. . . Saying this another way - It is much faster to take a blank off and inspect it with TBC than with a mandrel system. For me, who did segments often, I needed to take a blank off regularly for inspection. TBC saved a lot of time for me.

Also, I found that my accuracy increased as I quit depending on the bushings for sizing and started using calipers.

For others, as mentioned above they found that TBC helped get out of the oval mess.

The original drive center used on this forum and the original TBC blank:
 
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Curly

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When you only turn a few pens a year you don't have to spend anything on bushings of any kind. Turn with the centres only and then stop and put a little wax on the centres before CA finishing.
 

sorcerertd

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I have found that a lot of bushings are not machined very accurately. If I put a bushing between centers, I often find them off center. I should really tune up the old lathe I'm using before being so critical of them. Once in a while, I use a mandrel to rough out a few pen barrelss at a time, but usually I use TBC adapters that I bought from Brian Nikitas. Obviously, that still leaves the problem of inaccurate bushings, but that is solved with TBC (no bushings) and calipers. I'm too cheap to buy custom TBC bushings for every type of pen I make. One thing to be aware of with TBC is that if you don't square off the ends accurately before turning, your barrel will be acentric to the tube, no matter if you use bushings or not.
 

ramaroodle

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I also learned that I could take a blank off and inspect it quickly up close far faster than I could take a mandrel off, unscrew the mandrel, take the parts off, inspect closely and then replace all and get started again. The TBC decreased the inspection time by a minute at the least, and I could inspect a delicate segmented blank several times during a turning faster than a single time with a mandrel.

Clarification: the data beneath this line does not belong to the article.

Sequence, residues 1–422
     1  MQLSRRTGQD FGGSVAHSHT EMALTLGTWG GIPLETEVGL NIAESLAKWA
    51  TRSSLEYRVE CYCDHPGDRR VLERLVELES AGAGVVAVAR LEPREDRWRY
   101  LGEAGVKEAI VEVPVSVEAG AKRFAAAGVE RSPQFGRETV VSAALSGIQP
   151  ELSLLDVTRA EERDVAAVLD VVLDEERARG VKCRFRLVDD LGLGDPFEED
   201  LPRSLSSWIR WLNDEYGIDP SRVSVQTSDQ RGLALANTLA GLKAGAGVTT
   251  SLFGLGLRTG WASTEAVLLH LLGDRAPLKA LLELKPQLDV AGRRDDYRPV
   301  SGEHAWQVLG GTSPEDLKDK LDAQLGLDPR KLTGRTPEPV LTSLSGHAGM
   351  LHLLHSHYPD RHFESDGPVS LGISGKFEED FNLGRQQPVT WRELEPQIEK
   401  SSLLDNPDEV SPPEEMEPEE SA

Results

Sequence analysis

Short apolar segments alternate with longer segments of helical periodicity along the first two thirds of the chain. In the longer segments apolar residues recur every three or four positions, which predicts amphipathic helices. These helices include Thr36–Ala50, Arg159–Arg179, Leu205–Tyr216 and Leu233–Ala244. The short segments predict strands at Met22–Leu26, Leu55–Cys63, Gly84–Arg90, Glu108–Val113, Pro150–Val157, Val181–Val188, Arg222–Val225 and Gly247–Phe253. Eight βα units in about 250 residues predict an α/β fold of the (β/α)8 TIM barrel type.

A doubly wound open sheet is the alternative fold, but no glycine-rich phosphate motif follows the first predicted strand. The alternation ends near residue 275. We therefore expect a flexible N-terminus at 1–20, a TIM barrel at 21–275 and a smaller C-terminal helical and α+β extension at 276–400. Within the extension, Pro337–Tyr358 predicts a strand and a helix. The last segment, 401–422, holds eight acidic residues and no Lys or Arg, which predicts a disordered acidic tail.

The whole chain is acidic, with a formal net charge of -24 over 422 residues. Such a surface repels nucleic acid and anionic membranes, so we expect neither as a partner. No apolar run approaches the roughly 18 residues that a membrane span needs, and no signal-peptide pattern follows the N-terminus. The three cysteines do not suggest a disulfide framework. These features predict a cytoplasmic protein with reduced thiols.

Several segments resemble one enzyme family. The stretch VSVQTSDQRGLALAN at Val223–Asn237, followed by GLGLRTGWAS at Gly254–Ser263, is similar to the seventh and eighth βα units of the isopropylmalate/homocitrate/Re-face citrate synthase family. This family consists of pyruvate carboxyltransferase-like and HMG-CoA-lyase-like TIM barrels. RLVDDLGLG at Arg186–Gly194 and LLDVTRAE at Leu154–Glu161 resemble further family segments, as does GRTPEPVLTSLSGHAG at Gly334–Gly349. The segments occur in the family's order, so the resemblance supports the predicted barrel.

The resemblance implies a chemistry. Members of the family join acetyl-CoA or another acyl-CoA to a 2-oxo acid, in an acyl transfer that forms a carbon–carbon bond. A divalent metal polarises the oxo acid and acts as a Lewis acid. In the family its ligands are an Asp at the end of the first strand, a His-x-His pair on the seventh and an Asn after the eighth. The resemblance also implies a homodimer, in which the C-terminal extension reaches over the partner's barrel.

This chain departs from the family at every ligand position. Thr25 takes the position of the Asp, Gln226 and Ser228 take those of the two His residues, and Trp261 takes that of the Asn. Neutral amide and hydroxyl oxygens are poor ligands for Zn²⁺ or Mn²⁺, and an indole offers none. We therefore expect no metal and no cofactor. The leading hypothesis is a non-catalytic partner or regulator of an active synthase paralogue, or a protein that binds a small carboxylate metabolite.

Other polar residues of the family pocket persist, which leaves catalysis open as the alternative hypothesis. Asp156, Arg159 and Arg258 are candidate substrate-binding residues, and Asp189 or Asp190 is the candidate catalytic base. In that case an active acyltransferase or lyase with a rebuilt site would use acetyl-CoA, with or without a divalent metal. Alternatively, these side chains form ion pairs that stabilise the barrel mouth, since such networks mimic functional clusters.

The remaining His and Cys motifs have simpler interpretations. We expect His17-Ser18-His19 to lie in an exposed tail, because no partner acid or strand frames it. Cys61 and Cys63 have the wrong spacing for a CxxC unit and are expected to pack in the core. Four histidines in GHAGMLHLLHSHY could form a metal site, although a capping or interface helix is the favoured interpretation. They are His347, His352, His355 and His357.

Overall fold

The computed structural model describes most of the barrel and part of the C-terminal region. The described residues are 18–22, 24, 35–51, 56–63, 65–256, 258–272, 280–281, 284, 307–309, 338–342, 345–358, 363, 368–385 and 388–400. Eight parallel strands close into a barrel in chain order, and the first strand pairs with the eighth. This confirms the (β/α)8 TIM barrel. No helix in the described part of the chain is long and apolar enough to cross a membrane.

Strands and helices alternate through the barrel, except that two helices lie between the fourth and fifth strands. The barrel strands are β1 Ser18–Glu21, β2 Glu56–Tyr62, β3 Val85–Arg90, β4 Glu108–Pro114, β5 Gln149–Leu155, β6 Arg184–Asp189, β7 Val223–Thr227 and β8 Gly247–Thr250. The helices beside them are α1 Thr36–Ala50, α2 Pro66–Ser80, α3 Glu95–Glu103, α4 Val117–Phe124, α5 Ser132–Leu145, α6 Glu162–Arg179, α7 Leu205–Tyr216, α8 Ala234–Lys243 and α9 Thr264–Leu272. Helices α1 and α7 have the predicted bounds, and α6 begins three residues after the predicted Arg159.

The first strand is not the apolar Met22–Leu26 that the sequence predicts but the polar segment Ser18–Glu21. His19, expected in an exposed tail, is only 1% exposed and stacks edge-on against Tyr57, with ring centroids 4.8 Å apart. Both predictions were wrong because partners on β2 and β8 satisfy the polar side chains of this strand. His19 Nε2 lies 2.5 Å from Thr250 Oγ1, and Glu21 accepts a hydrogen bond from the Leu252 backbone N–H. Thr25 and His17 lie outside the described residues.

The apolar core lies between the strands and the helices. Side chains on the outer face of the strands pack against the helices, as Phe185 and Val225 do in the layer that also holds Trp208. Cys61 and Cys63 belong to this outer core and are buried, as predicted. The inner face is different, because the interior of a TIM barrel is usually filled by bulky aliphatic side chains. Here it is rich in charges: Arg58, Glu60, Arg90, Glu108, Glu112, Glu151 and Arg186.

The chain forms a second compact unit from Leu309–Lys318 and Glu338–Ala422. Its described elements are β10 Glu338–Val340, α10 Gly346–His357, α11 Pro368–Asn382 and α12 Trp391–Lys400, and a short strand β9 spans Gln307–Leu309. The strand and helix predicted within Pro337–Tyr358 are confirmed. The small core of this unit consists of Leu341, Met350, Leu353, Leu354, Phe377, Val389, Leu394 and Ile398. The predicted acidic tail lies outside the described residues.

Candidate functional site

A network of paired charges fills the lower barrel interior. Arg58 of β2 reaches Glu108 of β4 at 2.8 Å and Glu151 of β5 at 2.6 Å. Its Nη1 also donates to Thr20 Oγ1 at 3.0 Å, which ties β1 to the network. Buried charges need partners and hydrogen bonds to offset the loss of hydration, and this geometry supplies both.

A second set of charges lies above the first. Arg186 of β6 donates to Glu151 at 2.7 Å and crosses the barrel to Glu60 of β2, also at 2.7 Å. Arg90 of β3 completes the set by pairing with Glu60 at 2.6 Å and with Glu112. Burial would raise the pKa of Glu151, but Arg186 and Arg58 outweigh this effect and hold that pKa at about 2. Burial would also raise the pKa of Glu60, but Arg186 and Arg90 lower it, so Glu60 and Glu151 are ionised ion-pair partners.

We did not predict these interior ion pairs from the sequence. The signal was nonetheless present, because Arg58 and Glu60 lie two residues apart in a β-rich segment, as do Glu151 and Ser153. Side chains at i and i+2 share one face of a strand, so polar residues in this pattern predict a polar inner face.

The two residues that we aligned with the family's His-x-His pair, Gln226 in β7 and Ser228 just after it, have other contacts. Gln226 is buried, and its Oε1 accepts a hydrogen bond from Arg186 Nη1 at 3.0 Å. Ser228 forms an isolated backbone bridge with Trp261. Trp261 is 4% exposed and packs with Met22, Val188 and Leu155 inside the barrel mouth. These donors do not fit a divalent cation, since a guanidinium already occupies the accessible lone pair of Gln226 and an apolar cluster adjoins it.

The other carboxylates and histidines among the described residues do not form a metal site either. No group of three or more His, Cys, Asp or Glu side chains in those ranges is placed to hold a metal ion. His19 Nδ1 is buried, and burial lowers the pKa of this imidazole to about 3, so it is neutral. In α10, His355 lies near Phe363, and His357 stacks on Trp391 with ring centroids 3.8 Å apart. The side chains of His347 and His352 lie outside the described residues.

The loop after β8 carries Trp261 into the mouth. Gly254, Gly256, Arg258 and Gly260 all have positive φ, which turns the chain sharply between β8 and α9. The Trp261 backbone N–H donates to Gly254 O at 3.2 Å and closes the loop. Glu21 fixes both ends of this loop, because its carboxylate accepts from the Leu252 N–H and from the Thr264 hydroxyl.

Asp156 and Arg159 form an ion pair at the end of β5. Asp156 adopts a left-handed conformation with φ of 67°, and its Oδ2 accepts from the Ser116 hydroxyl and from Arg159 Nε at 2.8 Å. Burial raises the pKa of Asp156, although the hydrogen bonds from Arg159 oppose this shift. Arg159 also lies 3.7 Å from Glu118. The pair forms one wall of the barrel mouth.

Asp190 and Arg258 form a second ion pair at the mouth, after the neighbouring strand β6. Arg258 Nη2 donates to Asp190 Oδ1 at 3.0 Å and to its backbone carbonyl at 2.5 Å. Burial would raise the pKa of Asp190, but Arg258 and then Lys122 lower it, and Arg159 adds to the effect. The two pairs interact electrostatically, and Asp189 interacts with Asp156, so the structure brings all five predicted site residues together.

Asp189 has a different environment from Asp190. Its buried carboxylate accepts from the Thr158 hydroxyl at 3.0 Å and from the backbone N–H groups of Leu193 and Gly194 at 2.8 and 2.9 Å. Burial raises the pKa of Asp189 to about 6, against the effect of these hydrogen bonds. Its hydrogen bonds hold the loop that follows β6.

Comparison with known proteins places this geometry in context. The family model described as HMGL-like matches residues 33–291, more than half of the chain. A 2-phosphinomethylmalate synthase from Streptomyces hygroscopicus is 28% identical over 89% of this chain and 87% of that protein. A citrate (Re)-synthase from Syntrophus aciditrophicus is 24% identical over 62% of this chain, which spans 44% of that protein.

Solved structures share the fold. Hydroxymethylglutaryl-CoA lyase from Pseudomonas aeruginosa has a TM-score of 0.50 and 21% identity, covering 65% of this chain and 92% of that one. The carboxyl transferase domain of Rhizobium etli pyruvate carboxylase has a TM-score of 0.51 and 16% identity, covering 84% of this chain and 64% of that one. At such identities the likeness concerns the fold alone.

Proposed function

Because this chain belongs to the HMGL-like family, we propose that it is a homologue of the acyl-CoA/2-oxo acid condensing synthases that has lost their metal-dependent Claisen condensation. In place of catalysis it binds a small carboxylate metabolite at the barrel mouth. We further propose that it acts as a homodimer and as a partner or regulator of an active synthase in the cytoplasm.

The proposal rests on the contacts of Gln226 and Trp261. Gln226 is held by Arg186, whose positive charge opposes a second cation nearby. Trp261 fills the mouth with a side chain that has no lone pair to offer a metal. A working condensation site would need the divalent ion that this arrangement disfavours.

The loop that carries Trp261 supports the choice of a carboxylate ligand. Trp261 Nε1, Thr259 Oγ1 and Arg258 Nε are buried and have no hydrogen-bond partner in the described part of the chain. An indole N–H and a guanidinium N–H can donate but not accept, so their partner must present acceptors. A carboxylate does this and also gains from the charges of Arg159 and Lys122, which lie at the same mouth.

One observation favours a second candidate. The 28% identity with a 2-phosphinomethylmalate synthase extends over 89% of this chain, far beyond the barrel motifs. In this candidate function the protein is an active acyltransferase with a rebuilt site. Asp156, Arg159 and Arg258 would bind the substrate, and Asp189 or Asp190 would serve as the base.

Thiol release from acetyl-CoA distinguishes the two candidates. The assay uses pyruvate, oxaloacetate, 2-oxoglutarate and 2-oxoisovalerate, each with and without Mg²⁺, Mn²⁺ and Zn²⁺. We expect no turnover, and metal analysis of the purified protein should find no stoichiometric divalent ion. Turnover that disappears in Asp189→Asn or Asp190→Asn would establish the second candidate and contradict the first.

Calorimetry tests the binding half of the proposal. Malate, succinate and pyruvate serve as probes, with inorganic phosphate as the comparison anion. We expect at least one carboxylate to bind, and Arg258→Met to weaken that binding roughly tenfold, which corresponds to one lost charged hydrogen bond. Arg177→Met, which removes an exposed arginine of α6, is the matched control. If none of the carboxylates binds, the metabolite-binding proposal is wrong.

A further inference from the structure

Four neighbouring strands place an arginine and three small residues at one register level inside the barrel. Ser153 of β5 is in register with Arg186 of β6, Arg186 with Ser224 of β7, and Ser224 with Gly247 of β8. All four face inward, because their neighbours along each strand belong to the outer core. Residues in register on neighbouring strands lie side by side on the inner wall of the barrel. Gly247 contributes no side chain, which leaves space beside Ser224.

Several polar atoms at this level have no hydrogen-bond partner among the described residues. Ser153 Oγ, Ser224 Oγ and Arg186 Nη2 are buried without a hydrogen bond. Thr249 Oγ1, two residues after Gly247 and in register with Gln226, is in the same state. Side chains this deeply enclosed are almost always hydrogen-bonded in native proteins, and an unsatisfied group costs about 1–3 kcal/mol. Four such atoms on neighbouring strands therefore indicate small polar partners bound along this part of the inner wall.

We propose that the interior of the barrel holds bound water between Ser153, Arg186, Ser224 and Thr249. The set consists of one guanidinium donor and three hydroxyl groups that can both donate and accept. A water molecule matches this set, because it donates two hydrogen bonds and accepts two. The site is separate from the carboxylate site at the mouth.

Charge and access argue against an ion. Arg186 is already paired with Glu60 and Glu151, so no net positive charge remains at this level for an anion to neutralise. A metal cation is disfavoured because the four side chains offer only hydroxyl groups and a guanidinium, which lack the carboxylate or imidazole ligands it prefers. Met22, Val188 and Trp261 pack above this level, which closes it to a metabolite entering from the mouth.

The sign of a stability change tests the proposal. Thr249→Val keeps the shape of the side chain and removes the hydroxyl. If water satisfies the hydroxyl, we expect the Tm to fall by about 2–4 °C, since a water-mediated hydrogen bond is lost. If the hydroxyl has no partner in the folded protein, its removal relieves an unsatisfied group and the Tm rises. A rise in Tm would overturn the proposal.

. . . Saying this another way - It is much faster to take a blank off and inspect it with TBC than with a mandrel system. For me, who did segments often, I needed to take a blank off regularly for inspection. TBC saved a lot of time for me.
Thanks. That really is a reason to consider switching to TBC full-time.
 

MedWoodWorx

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The original purpose of TBC (and I was calling it "mandrel less" for the first few months) was that I was disgusted with glued on bushings. In particular, oily woods such as ebonies (Japanese persimmon for me) - when breaking the bushings from the blank, the ends of the CA would raise up off of the ebony and look cloudy because of the separation of the CA from the wood.
i found that changing the bushings and using hdpe ones (maybe also delrin works) when sanding beyond 600 grit and while applying ca. Also i tend to think that ca coating works much better when i seal the tube ends first and then the body. I suppose most of you already know that.
When talking about tbc is it meant that a mandrel is not used or no bushings (or both)?
 
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leehljp

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i found that changing the bushings and using hdpe ones (maybe also delrin works) when sanding beyond 600 grit and while applying ca. Also i tend to think that ca coating works much better when i seal the tube ends first and then the body. I suppose most of you already know that.
When talking about tbc is it meant that a mandrel is not used or no bushings (or both)?
TBC means no mandrel is used. Bushings can be used or it can be used without bushings. For me, I remove the bushings after the blank is round and near to size. If I am segmenting with metal separators, I get to size using calipers before removing the bushings. I ALWAYS remove bushings before finishing.

I tend to flair the brass ends in the blank if I don't use the bushings to get the blank round, but that is just me.
 

leehljp

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I have found that a lot of bushings are not machined very accurately. If I put a bushing between centers, I often find them off center. I should really tune up the old lathe I'm using before being so critical of them. Once in a while, I use a mandrel to rough out a few pen barrelss at a time, but usually I use TBC adapters that I bought from Brian Nikitas. Obviously, that still leaves the problem of inaccurate bushings, but that is solved with TBC (no bushings) and calipers. I'm too cheap to buy custom TBC bushings for every type of pen I make. One thing to be aware of with TBC is that if you don't square off the ends accurately before turning, your barrel will be acentric to the tube, no matter if you use bushings or not.
True, but this happens with mandrels too, if the ends are not square. Squared ends are a necessity for both Mandrels and TBC